So I just got back from a week's vacation with my family in the Poconos. In the basement of the place we rented, stacked between copies of the sort of pulpy pop-fiction appropriate for most vacationers, there was a copy of Ernest Hemingway's The Old Man and the Sea. Hot damn, actual literature!* Honestly, I would have settled for some campy mystery novel.

*The difference between pulpy garbage and literature is that nobody remembers when literature was published.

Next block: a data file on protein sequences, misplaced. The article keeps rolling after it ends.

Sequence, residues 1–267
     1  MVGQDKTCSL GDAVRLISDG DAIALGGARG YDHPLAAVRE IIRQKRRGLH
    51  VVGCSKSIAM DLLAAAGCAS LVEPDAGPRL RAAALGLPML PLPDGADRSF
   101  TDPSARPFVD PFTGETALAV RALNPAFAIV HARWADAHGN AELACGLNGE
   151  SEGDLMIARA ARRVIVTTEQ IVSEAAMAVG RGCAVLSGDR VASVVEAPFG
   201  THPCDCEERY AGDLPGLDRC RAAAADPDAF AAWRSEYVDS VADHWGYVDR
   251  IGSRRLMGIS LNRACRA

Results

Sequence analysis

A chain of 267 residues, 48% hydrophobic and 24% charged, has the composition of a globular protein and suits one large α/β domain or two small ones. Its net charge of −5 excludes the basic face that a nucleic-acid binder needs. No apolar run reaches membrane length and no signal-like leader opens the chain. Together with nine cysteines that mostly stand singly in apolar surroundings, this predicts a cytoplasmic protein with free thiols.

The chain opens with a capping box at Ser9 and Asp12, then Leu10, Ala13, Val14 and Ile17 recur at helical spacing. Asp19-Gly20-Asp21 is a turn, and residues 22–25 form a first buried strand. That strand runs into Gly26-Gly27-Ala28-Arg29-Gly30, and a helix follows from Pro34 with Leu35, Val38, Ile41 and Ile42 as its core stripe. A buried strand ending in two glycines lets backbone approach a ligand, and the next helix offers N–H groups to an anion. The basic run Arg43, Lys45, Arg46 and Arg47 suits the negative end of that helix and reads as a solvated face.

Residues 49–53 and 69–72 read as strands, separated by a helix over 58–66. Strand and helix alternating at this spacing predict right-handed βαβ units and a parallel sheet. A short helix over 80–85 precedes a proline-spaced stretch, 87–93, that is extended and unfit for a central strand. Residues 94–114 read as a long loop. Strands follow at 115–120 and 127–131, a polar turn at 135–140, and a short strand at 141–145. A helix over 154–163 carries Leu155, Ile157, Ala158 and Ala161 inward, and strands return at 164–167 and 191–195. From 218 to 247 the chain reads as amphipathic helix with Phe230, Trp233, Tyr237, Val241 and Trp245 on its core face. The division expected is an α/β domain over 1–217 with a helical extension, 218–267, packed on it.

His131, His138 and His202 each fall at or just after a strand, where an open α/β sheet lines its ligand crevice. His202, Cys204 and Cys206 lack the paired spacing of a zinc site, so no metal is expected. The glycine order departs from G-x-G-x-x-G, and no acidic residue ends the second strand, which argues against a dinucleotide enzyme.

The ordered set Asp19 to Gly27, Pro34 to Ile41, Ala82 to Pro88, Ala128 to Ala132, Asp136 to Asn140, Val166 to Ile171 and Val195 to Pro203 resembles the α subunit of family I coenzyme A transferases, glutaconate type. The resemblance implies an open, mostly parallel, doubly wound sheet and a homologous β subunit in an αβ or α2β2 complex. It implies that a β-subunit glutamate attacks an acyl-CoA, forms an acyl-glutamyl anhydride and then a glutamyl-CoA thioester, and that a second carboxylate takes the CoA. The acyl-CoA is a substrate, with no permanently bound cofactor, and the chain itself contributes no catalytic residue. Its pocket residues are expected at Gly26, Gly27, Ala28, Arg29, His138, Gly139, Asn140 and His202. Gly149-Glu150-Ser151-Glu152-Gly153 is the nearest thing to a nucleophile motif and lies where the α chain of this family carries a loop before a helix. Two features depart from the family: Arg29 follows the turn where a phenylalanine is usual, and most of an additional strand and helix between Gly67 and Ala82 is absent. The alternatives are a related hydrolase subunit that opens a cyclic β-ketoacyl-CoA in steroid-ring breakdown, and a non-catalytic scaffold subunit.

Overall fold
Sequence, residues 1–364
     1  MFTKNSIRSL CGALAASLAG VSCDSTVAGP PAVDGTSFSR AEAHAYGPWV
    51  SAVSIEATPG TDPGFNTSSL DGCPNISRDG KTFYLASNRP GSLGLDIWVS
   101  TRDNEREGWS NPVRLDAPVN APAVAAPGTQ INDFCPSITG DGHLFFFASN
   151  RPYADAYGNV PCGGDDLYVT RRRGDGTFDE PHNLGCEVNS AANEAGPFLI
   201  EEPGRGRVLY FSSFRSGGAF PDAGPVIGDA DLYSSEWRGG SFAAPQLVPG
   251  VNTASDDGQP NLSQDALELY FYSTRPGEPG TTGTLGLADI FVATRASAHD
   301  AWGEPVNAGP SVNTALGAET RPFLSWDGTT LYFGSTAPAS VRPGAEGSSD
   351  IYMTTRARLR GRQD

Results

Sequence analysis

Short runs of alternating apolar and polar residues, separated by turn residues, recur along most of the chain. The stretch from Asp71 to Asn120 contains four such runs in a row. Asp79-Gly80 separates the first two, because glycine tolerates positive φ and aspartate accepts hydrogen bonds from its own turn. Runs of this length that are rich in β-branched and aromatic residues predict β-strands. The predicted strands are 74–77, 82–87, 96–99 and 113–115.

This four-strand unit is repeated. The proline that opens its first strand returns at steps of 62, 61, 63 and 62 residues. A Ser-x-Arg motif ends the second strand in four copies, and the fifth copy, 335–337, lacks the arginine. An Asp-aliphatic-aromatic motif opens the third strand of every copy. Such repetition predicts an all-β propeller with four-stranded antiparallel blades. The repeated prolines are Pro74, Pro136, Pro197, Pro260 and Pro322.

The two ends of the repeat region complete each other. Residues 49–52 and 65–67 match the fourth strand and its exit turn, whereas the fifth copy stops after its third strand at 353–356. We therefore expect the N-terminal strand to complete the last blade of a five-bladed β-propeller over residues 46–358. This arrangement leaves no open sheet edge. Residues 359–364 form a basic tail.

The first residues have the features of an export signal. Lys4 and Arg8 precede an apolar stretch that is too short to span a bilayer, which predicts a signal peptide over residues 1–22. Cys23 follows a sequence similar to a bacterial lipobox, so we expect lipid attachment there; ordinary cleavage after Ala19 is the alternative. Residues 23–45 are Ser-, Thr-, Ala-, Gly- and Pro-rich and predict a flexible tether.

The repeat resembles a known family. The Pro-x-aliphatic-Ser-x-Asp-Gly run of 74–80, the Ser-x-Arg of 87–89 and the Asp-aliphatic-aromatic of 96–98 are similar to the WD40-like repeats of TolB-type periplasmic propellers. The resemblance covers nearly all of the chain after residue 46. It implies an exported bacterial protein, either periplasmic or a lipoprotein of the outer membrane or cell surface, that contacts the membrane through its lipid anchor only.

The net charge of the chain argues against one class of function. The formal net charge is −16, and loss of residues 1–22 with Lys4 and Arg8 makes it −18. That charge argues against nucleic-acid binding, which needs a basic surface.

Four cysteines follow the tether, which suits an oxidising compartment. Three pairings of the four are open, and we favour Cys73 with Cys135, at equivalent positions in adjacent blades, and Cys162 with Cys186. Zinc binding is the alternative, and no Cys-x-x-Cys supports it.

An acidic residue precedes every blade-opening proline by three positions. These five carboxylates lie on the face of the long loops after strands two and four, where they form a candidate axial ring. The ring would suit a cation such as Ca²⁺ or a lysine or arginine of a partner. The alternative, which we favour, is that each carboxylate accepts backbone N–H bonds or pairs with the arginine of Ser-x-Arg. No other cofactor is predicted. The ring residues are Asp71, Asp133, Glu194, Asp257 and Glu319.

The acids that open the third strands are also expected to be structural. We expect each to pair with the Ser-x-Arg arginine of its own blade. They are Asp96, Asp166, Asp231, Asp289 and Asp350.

After reading it, I decided to look up some of Hemingway's bio, since I didn't know too much about him. Turns out that a good part of the story was influenced by his real-life experiences; Hemingway used to vacation in the Bahamas where he went fishing for tuna and marlin in the Gulf Stream. Whenever he got close to reeling one in, it would tire out and become easy prey for nearby sharks, which would tear the fish to pieces long before he could get it into the boat. The solution Hemingway came up with? Blow the sharks away with a sub-machine gun.

Hemingway relaxes

I was always under the impression that fishing was supposed to be a leisurely form of recreation; I can only assume that Hemingway golfed with hand grenades.